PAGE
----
Thursday, October 17, 2013

Time to Misbehave

My friends, it’s time to throw in the towel on being such goody two-shoes.  Let’s start misbehaving. When we set health goals, we tend to follow a routine, always trying to accomplish more.  We wake up early, eat a healthy breakfast, get to work on time, quickly respond to emails, work hard to meet the day’s deadlines, come home, work out, healthy dinner, rinse and repeat.

In our constant efforts to do and be our best, things get left out, and those things are often things we want to do, eat and be.  I’m not advocating that you ditch your best efforts, lounge on the couch and get fired from your job.  What I am saying is that you need to lighten up a bit.  In western culture, we praise the go-getter attitude and even try to cultivate that behavior in our children: “You’re such a good girl!"  From an early age, we are instilled with the attitude that the more you get done, the more successful you will be.  Keep your ears open, and you will hear it from co-workers, among friends and in the media.

I met a very old Italian man one day a few years ago, and his words have been with me ever since. “You know what the problem is with Americans? You act like you have to earn leisure time,” he said as he sipped his red wine mid-afternoon. This pressure to earn time for ourselves forces us to prioritize our lives such that leisure is a rare treat. Americans’ definition of self-improvement rarely includes leisure, yet we often feel our best during leisure activities.  So how, then, do we balance doing our best with feeling our best?  This question is so important to answer that I spend two weeks on it with each of my health coaching clients.  The answer is simple: You misbehave.  Start to rebel against the small things that bring you down.  Delete an email at work that you’d rather not deal with (If it’s important enough, they’ll email you again).  Call in sick once in a while on those perfect weather days.  Screen phone calls that you don’t feel like answering.  Eat a freakin’ cookie once in a while!  It’s not going to crush your weight loss goals.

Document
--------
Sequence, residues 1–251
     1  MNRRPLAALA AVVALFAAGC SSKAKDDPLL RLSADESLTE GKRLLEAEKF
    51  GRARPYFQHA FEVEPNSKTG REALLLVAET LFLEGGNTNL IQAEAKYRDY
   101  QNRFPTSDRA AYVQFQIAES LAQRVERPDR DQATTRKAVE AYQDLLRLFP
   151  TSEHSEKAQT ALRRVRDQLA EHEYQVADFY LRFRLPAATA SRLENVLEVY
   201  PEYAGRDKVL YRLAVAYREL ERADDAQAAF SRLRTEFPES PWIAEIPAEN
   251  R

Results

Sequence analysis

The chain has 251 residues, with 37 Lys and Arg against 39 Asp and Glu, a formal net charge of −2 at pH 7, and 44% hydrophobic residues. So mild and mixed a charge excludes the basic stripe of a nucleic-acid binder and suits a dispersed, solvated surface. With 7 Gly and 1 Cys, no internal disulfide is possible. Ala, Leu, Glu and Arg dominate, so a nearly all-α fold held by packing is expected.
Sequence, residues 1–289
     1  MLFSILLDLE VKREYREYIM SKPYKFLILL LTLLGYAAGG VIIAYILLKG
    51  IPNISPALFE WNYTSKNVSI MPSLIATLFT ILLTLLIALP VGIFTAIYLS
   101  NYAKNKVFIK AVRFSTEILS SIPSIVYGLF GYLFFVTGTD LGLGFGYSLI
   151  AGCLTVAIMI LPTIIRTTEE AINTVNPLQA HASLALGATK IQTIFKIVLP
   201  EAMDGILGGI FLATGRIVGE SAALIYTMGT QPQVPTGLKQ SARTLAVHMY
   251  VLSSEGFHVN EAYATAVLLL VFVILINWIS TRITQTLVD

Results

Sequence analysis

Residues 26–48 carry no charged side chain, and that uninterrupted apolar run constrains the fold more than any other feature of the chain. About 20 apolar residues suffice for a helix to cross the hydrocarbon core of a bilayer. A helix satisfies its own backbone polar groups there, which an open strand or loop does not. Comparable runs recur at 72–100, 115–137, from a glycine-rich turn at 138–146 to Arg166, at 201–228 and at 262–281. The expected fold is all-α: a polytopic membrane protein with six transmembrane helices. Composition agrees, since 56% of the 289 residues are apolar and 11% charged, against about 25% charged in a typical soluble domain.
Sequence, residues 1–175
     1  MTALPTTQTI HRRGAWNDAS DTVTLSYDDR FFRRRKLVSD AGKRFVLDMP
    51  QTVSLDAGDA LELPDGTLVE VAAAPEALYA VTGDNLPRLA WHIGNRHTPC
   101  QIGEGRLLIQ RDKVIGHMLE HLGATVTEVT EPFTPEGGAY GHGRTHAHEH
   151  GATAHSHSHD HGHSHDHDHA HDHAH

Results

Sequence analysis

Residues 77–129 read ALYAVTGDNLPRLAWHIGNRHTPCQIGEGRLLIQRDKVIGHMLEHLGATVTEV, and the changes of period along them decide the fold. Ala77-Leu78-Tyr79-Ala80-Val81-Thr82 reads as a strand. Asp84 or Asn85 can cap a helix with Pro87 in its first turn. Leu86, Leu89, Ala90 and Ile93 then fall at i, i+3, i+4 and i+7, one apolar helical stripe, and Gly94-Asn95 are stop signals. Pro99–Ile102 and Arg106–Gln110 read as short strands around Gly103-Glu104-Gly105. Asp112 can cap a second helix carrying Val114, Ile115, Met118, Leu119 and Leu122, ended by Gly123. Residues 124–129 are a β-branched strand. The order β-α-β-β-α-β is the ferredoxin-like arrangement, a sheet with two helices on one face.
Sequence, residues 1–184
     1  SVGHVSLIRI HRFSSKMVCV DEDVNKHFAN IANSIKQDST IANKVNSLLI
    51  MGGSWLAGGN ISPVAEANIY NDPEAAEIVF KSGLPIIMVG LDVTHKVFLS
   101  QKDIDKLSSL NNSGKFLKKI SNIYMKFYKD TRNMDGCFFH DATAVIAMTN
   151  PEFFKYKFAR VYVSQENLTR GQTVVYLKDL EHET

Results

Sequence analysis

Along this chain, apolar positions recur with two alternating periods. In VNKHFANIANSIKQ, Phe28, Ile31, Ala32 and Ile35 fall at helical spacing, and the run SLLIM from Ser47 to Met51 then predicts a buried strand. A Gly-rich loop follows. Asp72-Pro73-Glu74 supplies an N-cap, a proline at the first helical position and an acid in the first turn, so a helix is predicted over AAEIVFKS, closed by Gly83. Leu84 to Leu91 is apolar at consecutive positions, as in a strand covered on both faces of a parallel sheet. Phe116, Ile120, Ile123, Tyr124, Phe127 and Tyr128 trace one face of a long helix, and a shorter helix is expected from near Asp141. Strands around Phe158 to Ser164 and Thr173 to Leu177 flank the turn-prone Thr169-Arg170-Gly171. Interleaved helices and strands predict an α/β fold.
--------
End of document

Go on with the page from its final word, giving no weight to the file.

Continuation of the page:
Breaking out of our constant cycle to satisfy the many roles we play can free up time and mental energy, which will allow us to listen to ourselves and consider what it is that we truly want from life. For some of us, so many years have passed since we considered the why behind what we do on a daily basis.  We become so dedicated to our roles as employees or homeowners that often we’ve forgotten about our dreams completely.  I was struggling through a very difficult time a few years ago, and my eldest sister gave me some good advice: “Stop asking yourself,  'Where do I want to be in 5 years?'  What do you want right at this second?  If you usually turn right and you feel like turning left, do it.  You’ll train yourself to listen to your instinct, which will lead you in the right direction.” This advice has guided me ever since.  Once you master misbehaving in small ways, take it as far as you’d like.  If you’re in a job that you hate and that makes you miserable, jump ship, follow your heart, and chase down that muffled dream.

Apply this misbehavior to whatever area in your life that needs attention.  At Sweat and Butter, we focus on five primary areas: sleep, relationships, food, stress and movement.  We believe that you must create balance in each area to optimize your health and happiness.  If you’re sacrificing too much from one area to focus on another, you’re out of balance.  Sleeping less to work more for money that you don’t have time to enjoy doesn’t make sense.  Get things back in balance.  Sleep in, work out, listen to your body, follow your heart and cultivate your mind.  It feels good to be bad.

Maybe this simple strategy of breaking the rules will get you to where you wanted to go in the first place.  If you have any questions about any of this, email me.  I promise I won’t delete it.

Vanessa Alberts is a co-founder and health coach at Sweat and Butter. She received her training at the Institute for Integrative Nutrition and holds a master's degree in Health Policy and Management from Carnegie Mellon University. She coaches clients to optimize their health and happiness through nutrition and personal evaluation. She can be reached at 

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